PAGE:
A fast-moving blaze in New Mexico's Santa Fe National Forest prompted… (Eddie Moore / Associated…)
New Mexico fire crews are battling a pair of wildfires that have burned thousands of acres and prompted the evacuations of homes and campgrounds.
More than 5,300 acres have burned in a canyon in Santa Fe National Forest off Interstate 25, about 25 miles southeast of the capital city. Dense smoke is expected to descend on Pecos Valley residents at night as temperatures drop.
About 140 summer homes in the area were evacuated, in addition to numerous trailheads and campgrounds, officials said. The American Red Cross has opened an emergency shelter at a local high school.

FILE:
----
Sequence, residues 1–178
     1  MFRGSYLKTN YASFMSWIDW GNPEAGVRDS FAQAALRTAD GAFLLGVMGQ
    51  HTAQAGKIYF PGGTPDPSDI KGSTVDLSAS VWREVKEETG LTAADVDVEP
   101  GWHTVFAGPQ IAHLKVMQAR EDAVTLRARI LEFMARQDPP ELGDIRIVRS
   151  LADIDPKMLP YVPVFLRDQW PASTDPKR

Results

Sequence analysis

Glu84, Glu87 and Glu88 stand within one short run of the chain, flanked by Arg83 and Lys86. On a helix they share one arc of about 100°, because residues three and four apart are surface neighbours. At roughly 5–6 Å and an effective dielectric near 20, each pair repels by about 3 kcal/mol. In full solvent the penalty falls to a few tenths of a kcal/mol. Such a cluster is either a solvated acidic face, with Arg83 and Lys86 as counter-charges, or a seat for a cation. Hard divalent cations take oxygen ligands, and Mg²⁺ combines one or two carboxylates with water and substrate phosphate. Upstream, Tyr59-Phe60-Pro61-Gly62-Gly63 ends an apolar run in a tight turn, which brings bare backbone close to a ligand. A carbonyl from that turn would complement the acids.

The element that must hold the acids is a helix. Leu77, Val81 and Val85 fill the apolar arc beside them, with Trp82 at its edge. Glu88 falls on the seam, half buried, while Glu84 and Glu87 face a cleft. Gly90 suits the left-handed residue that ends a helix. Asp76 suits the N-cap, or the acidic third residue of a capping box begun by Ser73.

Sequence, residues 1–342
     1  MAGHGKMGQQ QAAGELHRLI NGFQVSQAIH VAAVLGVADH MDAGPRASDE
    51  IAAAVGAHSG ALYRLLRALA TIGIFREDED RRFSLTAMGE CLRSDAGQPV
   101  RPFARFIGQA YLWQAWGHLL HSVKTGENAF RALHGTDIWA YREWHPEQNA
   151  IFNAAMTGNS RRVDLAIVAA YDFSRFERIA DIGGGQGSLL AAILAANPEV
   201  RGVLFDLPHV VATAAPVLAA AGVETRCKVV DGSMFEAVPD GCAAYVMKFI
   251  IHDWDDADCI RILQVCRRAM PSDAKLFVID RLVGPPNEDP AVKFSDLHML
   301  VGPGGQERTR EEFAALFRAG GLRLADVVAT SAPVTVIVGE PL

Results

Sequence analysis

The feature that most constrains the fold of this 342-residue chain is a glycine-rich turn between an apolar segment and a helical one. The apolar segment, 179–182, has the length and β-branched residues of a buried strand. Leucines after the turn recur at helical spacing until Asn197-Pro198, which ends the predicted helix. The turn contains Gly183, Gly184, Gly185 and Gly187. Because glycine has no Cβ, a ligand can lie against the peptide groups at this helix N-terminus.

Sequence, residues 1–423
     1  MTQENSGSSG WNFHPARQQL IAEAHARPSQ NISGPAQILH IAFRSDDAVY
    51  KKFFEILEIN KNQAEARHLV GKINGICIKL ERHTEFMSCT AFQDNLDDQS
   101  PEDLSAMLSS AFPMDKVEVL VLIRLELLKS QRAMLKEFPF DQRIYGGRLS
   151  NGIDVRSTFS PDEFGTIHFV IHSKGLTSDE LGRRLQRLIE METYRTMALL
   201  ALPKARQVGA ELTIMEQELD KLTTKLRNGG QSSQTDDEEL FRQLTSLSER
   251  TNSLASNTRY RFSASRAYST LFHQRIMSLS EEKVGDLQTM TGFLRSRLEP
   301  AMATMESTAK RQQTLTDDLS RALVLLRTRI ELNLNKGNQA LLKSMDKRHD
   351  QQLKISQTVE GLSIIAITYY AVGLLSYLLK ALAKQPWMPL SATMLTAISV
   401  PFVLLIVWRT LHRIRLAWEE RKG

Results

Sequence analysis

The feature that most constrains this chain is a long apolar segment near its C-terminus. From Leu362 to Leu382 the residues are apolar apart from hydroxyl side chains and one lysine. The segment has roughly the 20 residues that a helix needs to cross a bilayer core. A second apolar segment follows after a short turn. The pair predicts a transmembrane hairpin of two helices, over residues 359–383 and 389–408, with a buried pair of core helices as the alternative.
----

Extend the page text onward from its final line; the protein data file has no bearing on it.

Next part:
At the same time, the Thompson Ridge fire, burning about 80 miles west of Santa Fe, has reached about 800 acres, said Dan Ware, spokesman for the New Mexico State Forestry Division. The fire was ignited when a tree brushed on a power line.
An evacuation order was issued for between 40 and 50 homes in the area. Only six of the homes were occupied, with most being summer residences, Ware said.
Calmer winds Saturday were expected to be a boon for crews fighting both blazes.
Oklahoma update: At least nine dead in new storms
Four Houston firefighters killed: 'Like losing a family member'
Teens, adults get into 'really ugly' fight at kindergarten graduation